Comcast and the state of California have reached a settlement that will see the company pay out $33.4 million for publishing customer contact data that was meant to remain unlisted from public view. $25 million of that will be split between California's General Fund and the Attorney General’s office, with the remaining $8.4 million directed to refunds for the roughly 75,000 consumers who paid Comcast to keep their info private.
Comcast's phone business failed pretty badly at that, it turns out. As the California Public Utilities Commission notes:
As a result of Comcast’s unauthorized disclosure and publication, the names, telephone numbers, and addresses of these unlisted and non-published customers became available on Comcast’s online directory, in one or more rural telephone books, and via nationwide directory assistance.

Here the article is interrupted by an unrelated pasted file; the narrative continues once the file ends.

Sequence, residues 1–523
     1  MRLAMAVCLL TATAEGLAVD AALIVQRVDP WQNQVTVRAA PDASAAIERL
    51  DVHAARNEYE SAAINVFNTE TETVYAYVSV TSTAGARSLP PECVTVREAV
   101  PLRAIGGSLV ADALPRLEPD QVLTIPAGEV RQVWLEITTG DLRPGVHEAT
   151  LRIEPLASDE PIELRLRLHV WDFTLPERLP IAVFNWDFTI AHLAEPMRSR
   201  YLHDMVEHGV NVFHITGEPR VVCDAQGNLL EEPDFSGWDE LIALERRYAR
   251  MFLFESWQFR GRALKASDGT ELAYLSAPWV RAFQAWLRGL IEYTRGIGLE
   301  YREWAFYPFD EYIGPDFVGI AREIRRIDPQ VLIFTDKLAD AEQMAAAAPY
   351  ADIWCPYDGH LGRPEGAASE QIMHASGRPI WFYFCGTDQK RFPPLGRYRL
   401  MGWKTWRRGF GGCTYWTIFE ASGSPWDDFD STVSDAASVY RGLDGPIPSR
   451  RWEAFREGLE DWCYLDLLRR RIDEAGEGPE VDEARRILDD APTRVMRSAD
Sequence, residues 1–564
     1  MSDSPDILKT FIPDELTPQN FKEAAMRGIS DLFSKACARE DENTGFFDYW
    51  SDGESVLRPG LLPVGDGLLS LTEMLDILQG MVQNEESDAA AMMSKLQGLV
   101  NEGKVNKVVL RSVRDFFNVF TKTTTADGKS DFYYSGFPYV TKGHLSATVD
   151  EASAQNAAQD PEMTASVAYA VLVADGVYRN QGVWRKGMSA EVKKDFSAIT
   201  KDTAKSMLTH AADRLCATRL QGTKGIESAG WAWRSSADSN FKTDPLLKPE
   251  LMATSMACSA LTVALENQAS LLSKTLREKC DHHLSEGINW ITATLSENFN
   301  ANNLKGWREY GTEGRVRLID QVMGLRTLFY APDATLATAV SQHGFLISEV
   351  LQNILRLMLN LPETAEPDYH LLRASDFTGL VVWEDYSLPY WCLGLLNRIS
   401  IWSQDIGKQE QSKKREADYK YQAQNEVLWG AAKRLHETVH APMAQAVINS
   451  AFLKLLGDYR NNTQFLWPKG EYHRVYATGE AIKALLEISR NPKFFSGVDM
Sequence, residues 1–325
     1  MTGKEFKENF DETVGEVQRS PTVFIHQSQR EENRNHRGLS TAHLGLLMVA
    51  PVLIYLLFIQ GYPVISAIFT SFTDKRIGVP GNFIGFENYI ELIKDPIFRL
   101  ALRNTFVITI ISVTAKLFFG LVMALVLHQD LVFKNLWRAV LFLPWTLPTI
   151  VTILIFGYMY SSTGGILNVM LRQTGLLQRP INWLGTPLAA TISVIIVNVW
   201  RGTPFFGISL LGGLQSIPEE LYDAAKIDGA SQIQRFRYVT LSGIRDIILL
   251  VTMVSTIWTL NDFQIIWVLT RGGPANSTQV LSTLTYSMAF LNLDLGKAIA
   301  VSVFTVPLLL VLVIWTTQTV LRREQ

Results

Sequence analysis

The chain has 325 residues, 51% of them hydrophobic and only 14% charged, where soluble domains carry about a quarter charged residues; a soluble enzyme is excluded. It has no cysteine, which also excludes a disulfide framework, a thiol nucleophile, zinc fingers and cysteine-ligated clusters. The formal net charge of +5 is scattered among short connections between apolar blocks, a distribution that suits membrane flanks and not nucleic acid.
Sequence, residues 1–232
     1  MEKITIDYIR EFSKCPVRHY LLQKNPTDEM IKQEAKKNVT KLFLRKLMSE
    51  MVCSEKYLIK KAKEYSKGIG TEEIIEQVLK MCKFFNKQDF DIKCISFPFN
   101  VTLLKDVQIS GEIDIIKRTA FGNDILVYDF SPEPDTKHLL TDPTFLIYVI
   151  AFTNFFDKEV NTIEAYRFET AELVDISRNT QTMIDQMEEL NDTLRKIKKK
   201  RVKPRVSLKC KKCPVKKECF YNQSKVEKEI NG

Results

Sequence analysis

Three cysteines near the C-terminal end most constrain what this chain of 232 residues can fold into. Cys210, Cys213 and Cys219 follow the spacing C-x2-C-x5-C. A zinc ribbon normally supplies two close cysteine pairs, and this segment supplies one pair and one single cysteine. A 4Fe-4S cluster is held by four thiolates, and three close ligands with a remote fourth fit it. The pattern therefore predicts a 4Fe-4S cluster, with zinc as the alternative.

Aside from being refunded, those customers will also receive $100 each as a "sorry" for the inconvenience. This'll also remain a headache for Comcast for at least the next three years, with the company now obligated "to reform its practices relating to non-published consumer information." Comcast must file an annual report with CPUC to verify that it's complying with the settlement's terms.